An Opportunity In Russia?

Austin writes:

Have you been watching this Georgia-Russia war? If so, do you think it might be a good moment to buy oil company stocks before the war sends the price of oil and energy stocks higher again?

I’ve been watching it like a hawk, but feel that it represents more than just an energy-stock buying opportunity.

My take is that the war provides an entry into the most reasonably priced of the four BRIC developing countries: Brazil, Russia, India, and China. Russia’s economy is closely tied to oil and mining so, in a way, Austin is right to be thinking about oil.

I wrote about this in last Sunday’s note to subscribers, and the following is an excerpt from the article:

Here are Kiplinger’s estimated GDP growth forecasts for the developed world:

U.S. +1.5% in 2008 and +1.5% in 2009
Euro Zone +1.3% in 2008 and +0.9% in 2009
Japan +1.0% in 2008 and +0.8% in 2009

Here are the figures for the top developing countries:

China +9.6% in 2008 and +9.0% in 2009
Russia +7.7% in 2008 and +6.8% in 2009
India +7.6% in 2008 and +7.8% in 2009
Brazil +4.8% in 2008 and +3.9% in 2009

If you knew nothing more than this simple comparison, where would you elect to put your money? In the developing countries, of course. Among the four biggest developing countries, Russia looks like the best bargain.

Here’s a handful of reasons to expect impressive economic growth from Russia:

  • It’s the largest country in the world by landmass

  • It participates in the largest and most influential commodity markets in the world

  • Within a few years, it will become the 2nd largest economy in Europe and the 6th largest in the world

  • It has a young population

  • Its education system is good, with almost 100% literacy

  • Its GDP has been growing at 6.8% since 1999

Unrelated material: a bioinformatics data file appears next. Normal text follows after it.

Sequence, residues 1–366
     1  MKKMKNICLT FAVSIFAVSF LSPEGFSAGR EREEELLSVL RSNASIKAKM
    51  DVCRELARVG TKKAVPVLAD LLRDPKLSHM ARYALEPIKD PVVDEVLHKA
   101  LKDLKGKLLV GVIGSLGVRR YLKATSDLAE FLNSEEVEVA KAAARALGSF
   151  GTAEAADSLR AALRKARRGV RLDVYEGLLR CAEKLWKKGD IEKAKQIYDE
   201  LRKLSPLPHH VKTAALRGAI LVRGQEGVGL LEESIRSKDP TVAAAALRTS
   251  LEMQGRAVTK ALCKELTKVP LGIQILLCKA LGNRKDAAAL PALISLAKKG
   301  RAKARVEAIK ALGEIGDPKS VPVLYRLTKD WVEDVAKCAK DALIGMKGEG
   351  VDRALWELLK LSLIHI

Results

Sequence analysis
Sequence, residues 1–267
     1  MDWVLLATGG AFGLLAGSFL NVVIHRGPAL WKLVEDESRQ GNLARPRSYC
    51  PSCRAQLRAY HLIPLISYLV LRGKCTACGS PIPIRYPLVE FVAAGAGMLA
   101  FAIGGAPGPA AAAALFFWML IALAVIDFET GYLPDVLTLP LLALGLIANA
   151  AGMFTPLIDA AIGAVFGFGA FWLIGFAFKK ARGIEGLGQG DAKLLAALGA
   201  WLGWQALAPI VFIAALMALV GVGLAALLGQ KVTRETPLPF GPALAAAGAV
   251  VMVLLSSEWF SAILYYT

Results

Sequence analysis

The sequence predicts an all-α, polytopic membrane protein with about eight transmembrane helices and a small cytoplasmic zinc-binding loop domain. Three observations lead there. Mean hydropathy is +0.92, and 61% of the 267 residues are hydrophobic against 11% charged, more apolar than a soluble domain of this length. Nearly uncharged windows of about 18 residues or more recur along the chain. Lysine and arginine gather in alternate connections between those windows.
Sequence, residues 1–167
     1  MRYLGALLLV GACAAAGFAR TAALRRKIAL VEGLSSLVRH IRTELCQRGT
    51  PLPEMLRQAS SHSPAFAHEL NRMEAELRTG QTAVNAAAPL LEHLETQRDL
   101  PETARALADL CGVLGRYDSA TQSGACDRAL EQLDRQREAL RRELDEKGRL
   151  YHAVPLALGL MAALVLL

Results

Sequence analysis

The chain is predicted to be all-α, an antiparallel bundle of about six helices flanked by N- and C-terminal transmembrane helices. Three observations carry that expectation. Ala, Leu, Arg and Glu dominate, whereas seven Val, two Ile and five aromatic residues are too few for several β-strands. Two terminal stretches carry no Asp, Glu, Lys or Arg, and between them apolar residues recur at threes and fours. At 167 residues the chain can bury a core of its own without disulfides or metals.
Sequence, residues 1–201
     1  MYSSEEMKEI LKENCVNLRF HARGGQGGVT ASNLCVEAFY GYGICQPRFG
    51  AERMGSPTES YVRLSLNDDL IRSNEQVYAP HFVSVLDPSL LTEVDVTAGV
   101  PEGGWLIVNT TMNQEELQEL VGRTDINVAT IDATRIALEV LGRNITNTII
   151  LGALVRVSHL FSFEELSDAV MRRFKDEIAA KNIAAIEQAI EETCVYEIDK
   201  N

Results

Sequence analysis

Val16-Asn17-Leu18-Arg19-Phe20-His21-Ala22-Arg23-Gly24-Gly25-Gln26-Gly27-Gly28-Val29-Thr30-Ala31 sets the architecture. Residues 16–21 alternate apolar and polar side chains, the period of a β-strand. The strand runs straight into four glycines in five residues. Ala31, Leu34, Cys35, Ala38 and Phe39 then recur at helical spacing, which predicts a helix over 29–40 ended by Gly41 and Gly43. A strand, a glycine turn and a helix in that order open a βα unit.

Sierra Global Europe Fund manager Charlie Michaels pointed out to me in an email that the Russian market has recently become cheaper due to three negatives:

  • Its government attacks on corporate interests

  • The falling price of oil

  • The unfolding war with Georgia

“Nonetheless,” Charlie wrote, “Russia trades on a forward P/E less than 1/2 of China’s (7X), has 35% EPS growth expectations (almost double China’s) and just reported a 6-month trade surplus of over $100B. The new president, Medvedev, has no ties to the KGB, is much better educated than Putin, and has come out with numerous stock market friendly comments.”

I then went on to look at what I consider to be the best strategy for entering the Russian market and at what price levels. It’s not fair to paying subscribers for me to reveal that strategy here, but if you fork over a penny to become a subscriber, you can read the whole article in your welcome notes. To try the letter, please click here.

On the off chance that you don’t have a penny but would still like to know more about this situation, I offer the following from a Credit Suisse research note sent out yesterday:

The Russian market has been punished excessively over the last couple of weeks. Even allowing for higher equity risk premium and more normal oil prices, the current valuations are compelling, we think. Our view is, even if sentiment continues to suffer on the back of the Georgia-Russia conflict, to use the current weakness to accumulate positions.

As to the South Ossetia conflict, we point out that while warfare is never a good thing, fundamentally Russia’s economy and infrastructure are not affected. We think that the likelihood of military involvement of other superpowers is below average. The situation may end soon, to be replaced by diplomatic negotiations.

We see three catalysts for a Russian bounce: 1) a lasting ceasefire, and ultimately, some long-term resolution of the South Ossetia issue; 2) a rebound in oil prices: even a minor one will re-ignite interest in the oil and gas names, in our view; 3) an outcome of the Mechel situation in which the company remains a going concern.

Interestingly, The Kelly Letter and Credit Suisse agree on which Russian stocks look best, although we take a different view on the best way to acquire them.

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